Shumaker attorney Berman has taken the lead in the case, assisted by attorneys Seth P. Traub, Jaime Austrich and G. Thomas Curran, Jr. Attorneys from Wilkes & McHugh, P.A., meanwhile, are representing those plaintiffs who have successfully sued THI for negligence and wrongful death. The case will be heard in the Tampa Division of the U.S. Bankruptcy Court’s Middle District of Florida; the case number is 8:11-bk-22258-MGW along with related adversary proceeding number 8:13-ap-00893-MGW.
“We have worked around the clock to get to the bottom of what happened,” says Berman. “We’ve combed through literally tens of thousands of documents comprising millions of pages, and have spent more than 90 days on depositions alone, just to learn the truth. Getting to the truth, preventing continuing fraud and compensating nursing home victims in the line with the requirements of the Bankruptcy system is paramount and guides us through this process.” Berman credits a phenomenal team at Shumaker and tremendous legal efforts from Wilkes & McHugh as having allowed the creditors and the Trustee to get to this point and be able to try this case to the Bankruptcy Court.
Berman has focused his practice as a business bankruptcy litigator in representing creditors, distressed debt lenders, trustees, committees and business entities litigating disputes in bankruptcy court. But even with his years of experience, he says he’s never seen a case this complicated and far-reaching: “There’s really no case like this.”
“Shumaker has devoted tremendous resources for us to delve deeply into this matter,” says Berman. If his team recovers no money, the firm will not earn anything from the case. “Without the firm’s support and the commitment of the Trustee, Beth Ann Scharrer, it’s possible that what we’ve now discovered may never have come to light.”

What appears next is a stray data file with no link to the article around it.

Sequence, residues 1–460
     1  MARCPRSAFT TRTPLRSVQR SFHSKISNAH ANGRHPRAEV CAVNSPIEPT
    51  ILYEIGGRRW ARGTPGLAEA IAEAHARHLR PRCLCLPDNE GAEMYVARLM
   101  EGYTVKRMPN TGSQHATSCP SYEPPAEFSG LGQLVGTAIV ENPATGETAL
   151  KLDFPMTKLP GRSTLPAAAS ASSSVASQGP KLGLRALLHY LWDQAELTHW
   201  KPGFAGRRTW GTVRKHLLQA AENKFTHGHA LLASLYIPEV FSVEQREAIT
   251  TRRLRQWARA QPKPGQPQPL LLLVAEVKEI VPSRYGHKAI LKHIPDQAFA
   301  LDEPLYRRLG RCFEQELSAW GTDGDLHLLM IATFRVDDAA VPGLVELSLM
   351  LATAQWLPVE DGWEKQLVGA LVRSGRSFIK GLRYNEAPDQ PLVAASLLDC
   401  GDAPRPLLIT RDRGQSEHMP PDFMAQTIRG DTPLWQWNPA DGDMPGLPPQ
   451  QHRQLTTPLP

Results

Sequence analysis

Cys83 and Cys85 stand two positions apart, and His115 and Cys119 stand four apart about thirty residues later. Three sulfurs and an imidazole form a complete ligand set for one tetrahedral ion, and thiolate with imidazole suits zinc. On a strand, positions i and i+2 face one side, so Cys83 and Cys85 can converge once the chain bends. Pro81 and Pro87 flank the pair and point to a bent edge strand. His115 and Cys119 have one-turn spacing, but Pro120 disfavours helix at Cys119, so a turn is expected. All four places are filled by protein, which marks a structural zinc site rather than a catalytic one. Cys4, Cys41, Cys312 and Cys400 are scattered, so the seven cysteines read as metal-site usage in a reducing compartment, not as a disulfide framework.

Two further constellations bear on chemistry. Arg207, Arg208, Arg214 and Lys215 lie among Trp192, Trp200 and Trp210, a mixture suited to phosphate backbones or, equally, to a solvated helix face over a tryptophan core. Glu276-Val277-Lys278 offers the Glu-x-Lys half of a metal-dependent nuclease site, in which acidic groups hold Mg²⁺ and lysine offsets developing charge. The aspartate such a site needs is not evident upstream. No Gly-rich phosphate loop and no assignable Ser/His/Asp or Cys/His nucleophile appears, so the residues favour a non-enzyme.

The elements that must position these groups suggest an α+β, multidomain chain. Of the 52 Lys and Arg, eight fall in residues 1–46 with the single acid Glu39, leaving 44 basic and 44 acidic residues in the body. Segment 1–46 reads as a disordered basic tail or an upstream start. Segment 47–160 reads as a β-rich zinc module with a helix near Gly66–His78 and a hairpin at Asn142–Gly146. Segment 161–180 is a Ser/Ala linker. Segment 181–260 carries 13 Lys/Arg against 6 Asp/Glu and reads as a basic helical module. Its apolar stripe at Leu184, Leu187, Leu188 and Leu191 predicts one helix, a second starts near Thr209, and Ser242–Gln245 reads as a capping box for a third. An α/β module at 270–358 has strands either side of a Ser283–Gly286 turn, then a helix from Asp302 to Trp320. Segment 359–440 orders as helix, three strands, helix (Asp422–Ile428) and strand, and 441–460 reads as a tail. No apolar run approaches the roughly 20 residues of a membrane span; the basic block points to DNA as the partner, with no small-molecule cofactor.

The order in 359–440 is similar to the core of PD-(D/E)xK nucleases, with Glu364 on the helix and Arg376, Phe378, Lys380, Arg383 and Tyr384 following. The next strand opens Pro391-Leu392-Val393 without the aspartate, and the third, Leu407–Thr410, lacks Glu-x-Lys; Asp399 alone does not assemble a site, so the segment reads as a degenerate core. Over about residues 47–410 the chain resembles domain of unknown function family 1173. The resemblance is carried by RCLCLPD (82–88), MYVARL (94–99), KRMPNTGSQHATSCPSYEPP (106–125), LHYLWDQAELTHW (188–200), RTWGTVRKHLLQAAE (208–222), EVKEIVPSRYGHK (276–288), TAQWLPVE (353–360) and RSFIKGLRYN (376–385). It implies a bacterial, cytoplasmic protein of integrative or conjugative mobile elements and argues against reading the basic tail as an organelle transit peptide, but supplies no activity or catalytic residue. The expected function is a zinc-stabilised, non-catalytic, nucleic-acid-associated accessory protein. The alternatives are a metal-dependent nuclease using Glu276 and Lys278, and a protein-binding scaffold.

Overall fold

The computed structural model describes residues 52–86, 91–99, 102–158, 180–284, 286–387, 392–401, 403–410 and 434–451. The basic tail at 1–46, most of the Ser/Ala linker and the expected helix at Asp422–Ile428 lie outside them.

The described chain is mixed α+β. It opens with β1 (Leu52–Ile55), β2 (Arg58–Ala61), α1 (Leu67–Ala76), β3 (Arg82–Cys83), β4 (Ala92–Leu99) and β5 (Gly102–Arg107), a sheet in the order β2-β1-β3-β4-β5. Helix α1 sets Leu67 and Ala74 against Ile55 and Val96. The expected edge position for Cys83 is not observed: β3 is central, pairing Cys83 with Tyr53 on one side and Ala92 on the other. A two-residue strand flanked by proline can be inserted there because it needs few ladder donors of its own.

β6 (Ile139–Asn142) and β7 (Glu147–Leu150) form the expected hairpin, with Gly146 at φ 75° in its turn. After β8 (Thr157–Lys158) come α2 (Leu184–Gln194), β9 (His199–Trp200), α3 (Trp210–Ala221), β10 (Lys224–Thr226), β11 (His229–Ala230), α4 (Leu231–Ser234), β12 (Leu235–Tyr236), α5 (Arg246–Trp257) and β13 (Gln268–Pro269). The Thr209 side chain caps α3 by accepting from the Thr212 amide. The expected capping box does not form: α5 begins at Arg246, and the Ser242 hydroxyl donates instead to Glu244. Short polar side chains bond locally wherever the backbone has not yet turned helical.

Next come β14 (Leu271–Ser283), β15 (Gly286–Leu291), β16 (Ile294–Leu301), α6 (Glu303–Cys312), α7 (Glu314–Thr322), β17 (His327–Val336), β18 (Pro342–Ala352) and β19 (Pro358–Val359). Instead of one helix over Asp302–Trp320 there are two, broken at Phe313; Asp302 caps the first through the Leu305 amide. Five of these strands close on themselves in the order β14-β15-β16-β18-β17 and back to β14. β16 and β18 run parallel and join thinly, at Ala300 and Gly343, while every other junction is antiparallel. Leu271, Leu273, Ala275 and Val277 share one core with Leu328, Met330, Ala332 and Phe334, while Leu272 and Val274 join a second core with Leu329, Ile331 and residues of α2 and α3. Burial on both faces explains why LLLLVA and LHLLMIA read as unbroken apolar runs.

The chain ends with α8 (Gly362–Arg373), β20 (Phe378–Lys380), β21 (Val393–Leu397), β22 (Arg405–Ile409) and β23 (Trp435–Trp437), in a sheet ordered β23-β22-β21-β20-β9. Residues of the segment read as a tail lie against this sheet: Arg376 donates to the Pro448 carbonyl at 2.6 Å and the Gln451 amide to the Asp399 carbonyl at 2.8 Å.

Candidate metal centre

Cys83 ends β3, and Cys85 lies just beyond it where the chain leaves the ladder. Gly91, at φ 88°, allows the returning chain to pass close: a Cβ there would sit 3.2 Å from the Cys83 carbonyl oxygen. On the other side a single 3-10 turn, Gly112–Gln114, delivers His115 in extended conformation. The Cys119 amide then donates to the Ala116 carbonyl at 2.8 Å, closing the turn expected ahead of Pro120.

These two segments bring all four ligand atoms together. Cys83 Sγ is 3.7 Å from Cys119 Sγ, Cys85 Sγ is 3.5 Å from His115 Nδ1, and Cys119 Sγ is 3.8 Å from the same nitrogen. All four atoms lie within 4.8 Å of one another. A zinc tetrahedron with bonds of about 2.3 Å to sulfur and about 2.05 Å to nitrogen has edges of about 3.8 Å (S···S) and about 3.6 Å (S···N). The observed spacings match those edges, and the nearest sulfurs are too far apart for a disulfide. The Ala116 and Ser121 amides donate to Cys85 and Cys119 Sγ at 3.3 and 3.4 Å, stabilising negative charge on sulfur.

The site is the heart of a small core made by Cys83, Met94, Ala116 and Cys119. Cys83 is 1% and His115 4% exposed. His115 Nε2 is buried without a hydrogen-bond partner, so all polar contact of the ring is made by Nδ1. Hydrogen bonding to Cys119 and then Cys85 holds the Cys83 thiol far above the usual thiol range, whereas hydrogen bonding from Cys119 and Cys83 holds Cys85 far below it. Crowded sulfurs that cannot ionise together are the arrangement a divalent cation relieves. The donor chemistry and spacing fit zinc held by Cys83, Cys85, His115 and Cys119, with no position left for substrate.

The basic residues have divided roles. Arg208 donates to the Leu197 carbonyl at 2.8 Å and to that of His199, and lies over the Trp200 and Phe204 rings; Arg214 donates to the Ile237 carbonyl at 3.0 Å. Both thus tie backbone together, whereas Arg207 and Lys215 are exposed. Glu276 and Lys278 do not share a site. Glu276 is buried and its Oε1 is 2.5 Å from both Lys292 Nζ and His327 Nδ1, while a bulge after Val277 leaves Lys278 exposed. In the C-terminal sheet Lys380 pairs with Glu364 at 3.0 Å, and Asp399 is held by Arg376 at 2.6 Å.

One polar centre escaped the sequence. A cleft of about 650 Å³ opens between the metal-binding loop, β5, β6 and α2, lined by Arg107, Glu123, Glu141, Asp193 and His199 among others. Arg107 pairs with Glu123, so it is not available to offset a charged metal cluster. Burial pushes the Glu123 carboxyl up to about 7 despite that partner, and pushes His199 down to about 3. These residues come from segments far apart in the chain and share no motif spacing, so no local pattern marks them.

The Tampa trial is scheduled to last a full 12 days. Other litigation related to the case remains pending. Berman challenged the conduct of attorneys in the affair in a proceeding before The Florida Bar; that case will eventually go before the Florida Supreme Court. Another lawsuit, challenging the conduct of attorneys at the global law firm Troutman Sanders, will begin with pretrial conferences scheduled for December.
“There are bad actors out there who are dedicated to committing fraud, and it takes extraordinary effort and tenacity to bring those actions to light,” says Berman. “However long it may take, the system works, and the case we’ll bring forward beginning Monday will show that. It’s not an easy task, but it’s the right thing to do.”
About Shumaker, Loop & Kendrick, LLP
Shumaker, Loop & Kendrick, LLP is a full-service business law firm with more than 235 lawyers, 60 paralegals and 495 employees in five offices: Toledo and Columbus, Ohio; Tampa and Sarasota, Florida; and Charlotte, N.C. In each of its markets, Shumaker is the premier provider of quality legal services to individuals, small businesses, healthcare providers, nonprofits and Fortune 500 and international corporations.